Mobile and Pervasive Technology in Education and Training: Potential and Possibilities, Problems and Pitfalls
Chapter 5
Gaya Prasad
Microorganisms are ubiquitous in their presence. They are present in air, soil, water, and all kinds of living creatures. Varieties of microbes have... Sample PDF
Ubiquitous Computing for Microbial Forensics and Bioterrorism
Chapter 6
Jonathan G.M. Pratt
This chapter presents the major findings of case study research investigating uncritical assessment of an institution-wide learning management... Sample PDF
Falling Behind: A Case Study in Uncritical Assessment
Chapter 7
Yvonne Lee, Martin Kornberger
In the rapidly changing digital marketplace, firms increasingly try to look for new ways to acquire, engage, and retain their consumers. In doing... Sample PDF
Strategizing in the Digital World: Aligning Business Model, Brand and Technology
Chapter 8
Helena Halas, Tomaž Klobucar
This chapter explores the influence of pervasive computing on companies and their businesses, with the main stress on business models. The role of... Sample PDF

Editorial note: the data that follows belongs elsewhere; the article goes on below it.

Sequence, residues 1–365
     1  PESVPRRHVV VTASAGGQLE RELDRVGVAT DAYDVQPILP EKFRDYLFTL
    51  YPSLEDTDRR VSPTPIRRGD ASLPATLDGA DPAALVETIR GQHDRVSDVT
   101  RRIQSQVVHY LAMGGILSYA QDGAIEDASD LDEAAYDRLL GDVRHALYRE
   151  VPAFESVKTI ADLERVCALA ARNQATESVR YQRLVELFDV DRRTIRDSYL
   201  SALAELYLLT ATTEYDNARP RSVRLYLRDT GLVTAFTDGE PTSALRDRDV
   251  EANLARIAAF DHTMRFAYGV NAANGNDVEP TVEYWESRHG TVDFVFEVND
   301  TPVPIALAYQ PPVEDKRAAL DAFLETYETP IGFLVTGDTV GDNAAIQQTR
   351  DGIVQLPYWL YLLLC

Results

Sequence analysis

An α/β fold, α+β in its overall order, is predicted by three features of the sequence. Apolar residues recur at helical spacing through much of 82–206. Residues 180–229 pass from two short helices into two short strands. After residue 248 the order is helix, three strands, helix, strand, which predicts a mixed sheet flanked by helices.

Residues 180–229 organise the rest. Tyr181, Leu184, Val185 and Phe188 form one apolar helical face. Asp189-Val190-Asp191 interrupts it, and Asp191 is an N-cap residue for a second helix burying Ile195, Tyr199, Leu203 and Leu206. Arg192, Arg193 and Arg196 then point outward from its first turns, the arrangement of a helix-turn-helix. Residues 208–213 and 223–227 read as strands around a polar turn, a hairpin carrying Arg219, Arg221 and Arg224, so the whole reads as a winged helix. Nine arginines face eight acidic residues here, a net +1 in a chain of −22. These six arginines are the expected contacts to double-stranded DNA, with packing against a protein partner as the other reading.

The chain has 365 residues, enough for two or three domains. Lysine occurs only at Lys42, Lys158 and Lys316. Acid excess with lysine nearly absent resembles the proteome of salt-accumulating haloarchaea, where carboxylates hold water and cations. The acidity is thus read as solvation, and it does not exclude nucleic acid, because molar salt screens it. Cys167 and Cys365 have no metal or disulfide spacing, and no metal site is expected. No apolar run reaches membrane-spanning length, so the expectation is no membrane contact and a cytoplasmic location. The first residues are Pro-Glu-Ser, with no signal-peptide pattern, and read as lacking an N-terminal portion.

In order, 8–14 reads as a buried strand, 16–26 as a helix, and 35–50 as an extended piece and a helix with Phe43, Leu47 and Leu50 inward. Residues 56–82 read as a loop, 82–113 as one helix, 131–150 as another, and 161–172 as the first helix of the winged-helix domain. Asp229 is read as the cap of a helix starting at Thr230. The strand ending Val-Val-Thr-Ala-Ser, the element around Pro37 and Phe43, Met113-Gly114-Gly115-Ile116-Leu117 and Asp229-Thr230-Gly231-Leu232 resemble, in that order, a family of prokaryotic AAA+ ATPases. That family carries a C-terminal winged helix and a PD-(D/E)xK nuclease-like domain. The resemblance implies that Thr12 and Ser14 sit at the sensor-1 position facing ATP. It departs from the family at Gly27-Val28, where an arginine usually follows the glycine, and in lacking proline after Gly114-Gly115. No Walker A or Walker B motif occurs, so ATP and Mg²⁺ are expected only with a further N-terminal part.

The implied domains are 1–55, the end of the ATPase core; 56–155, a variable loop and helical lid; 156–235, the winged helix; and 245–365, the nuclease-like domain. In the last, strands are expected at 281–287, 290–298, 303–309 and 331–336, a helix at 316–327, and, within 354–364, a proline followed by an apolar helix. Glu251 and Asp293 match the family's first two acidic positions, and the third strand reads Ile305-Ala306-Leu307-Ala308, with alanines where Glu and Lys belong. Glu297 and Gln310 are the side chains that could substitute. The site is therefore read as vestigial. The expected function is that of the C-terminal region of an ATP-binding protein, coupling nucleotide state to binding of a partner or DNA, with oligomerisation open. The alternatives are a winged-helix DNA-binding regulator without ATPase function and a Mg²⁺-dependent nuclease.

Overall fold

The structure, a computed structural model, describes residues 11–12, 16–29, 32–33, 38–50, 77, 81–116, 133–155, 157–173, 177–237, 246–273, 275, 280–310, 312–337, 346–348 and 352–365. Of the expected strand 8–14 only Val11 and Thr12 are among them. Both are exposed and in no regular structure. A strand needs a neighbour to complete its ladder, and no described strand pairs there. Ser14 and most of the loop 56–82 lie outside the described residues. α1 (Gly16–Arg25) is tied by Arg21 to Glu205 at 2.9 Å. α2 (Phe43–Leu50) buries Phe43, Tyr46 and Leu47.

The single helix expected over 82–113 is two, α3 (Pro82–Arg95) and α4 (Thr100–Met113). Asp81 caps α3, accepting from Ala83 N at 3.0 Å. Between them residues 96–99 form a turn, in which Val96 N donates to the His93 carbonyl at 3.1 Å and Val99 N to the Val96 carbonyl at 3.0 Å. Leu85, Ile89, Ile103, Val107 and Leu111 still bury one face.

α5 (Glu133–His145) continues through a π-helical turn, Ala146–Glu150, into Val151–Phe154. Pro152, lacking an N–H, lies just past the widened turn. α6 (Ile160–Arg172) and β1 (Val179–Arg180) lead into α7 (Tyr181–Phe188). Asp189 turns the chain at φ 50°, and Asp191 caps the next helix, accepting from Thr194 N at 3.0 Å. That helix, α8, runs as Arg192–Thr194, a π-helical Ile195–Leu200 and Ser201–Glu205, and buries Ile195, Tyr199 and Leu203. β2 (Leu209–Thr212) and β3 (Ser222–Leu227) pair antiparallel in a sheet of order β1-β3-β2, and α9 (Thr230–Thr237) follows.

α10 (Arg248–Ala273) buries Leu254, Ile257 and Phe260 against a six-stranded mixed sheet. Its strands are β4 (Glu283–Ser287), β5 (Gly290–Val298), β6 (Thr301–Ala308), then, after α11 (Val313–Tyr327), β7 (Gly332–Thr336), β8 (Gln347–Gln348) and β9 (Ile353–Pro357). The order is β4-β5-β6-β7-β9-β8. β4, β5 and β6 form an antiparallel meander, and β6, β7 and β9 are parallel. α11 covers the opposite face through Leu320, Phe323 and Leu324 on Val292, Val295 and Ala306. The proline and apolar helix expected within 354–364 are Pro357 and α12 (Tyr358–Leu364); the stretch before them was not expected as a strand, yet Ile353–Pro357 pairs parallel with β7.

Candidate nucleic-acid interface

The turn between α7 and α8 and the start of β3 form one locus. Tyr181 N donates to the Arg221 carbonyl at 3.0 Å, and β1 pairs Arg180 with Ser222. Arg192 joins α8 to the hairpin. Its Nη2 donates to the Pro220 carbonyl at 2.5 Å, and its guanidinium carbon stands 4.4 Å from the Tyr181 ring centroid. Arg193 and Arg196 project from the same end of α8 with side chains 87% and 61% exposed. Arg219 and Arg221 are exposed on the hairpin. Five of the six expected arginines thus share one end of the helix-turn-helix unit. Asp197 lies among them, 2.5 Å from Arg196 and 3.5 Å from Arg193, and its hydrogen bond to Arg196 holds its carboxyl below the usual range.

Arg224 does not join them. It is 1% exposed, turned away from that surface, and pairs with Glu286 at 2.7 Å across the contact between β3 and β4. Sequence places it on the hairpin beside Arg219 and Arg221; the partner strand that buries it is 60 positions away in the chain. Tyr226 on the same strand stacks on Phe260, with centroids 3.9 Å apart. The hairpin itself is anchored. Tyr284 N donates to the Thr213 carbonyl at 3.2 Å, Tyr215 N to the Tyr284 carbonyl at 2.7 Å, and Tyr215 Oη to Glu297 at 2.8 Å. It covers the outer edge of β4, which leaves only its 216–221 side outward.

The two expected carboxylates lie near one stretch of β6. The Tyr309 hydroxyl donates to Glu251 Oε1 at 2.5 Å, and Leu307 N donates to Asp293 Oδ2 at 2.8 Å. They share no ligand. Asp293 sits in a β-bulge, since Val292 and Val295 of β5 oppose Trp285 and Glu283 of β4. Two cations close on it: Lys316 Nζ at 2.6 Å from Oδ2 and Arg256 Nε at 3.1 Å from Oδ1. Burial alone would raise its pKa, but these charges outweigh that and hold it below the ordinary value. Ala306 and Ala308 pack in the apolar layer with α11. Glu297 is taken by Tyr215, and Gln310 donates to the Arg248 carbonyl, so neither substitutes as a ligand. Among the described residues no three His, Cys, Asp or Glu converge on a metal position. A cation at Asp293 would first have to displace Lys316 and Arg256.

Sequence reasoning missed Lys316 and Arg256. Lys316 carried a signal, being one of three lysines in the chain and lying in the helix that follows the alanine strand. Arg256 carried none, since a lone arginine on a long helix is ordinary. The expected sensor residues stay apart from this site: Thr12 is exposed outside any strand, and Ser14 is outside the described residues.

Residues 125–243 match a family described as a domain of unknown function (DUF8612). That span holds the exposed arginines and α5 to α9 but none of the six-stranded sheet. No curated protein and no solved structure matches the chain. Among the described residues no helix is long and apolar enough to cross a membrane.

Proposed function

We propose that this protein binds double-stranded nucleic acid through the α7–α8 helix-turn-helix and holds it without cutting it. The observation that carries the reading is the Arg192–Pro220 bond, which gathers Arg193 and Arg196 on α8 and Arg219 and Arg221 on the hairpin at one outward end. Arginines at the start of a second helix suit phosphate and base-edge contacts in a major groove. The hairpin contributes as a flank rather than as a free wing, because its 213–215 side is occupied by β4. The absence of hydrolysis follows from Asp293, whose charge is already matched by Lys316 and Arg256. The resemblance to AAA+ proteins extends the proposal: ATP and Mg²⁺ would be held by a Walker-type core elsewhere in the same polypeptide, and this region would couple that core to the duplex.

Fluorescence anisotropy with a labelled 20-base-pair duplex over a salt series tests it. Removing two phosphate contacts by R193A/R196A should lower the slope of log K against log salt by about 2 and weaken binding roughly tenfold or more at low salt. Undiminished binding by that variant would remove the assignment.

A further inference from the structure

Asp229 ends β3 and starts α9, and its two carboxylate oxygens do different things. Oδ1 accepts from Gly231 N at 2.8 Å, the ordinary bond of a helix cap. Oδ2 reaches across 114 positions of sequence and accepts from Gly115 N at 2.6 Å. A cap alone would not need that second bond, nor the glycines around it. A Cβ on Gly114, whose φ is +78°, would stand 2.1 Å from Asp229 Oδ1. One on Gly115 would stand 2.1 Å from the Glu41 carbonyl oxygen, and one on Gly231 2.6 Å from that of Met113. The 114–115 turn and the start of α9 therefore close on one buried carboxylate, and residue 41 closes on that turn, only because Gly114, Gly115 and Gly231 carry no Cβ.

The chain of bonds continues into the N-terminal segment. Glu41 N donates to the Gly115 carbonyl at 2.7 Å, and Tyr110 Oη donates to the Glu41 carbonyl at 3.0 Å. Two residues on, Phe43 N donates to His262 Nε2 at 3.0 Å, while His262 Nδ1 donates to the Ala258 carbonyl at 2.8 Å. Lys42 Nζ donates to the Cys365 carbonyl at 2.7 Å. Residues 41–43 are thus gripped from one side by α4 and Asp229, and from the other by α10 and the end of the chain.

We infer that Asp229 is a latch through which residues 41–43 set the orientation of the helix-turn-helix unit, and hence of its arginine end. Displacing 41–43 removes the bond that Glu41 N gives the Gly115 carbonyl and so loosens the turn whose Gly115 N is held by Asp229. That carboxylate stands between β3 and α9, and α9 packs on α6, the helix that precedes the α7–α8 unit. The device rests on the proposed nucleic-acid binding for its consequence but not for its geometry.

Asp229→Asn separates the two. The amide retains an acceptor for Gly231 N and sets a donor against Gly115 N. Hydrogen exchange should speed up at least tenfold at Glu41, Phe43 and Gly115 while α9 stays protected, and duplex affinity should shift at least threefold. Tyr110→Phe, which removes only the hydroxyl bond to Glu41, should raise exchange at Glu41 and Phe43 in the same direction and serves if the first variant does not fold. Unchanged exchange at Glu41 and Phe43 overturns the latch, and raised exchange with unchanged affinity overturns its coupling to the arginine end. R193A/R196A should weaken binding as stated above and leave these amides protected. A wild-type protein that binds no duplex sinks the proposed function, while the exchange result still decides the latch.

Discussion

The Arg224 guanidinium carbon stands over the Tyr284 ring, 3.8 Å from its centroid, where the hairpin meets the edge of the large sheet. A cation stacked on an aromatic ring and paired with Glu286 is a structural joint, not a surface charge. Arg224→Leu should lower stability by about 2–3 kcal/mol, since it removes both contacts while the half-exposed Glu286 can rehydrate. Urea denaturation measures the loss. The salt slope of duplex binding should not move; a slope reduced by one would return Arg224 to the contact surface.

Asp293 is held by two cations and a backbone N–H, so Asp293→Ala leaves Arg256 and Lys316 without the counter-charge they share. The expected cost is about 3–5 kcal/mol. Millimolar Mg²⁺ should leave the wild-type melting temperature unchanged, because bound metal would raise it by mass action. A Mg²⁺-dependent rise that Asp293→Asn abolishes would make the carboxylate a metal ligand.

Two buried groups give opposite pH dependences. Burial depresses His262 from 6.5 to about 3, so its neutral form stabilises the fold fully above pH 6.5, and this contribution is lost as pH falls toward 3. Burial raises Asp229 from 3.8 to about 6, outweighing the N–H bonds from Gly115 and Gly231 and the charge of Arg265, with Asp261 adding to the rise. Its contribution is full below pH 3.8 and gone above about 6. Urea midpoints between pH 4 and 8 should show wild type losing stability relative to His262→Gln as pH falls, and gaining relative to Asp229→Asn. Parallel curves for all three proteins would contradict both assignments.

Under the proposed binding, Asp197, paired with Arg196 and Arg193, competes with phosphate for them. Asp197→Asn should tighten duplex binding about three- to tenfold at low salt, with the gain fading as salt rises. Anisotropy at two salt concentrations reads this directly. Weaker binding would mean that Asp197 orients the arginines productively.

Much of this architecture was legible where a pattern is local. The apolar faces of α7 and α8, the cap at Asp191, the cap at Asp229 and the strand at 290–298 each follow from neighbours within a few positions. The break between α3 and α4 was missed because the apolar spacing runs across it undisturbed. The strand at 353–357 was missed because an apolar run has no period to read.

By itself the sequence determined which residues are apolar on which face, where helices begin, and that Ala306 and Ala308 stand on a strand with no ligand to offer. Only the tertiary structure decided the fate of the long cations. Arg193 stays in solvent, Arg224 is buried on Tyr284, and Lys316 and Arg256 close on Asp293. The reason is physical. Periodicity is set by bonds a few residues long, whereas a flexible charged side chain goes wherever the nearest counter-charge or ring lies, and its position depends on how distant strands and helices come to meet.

Business Models and Organizational Processes Changes
Chapter 9
Te Fu Chen
To date, identifying barriers and critical success factors (CSFs) and integrating business model in implementing e-business for SMEs, have not been... Sample PDF
The Critical Success Factors and Integrated Model for Implementing E-Business in Taiwan's SMEs
Chapter 10
Lawan Ahmed Mohammed
The change in physical structures of computing facilities into small and portable devices, or even wearable computers, has enhanced ubiquitous... Sample PDF
Security Issues in Pervasive Computing
Chapter 11
Grace Li
Pervasive computing and communications is emerging rapidly as an exciting new paradigm and discipline to provide computing and communication... Sample PDF
Deciphering Pervasive Computing: A Study of Jurisdiction, E-Fraud and Privacy in Pervasive Computing Environment
Chapter 12
Reima Suomi, Tuomas Aho, Tom Björkroth, Aki Koponen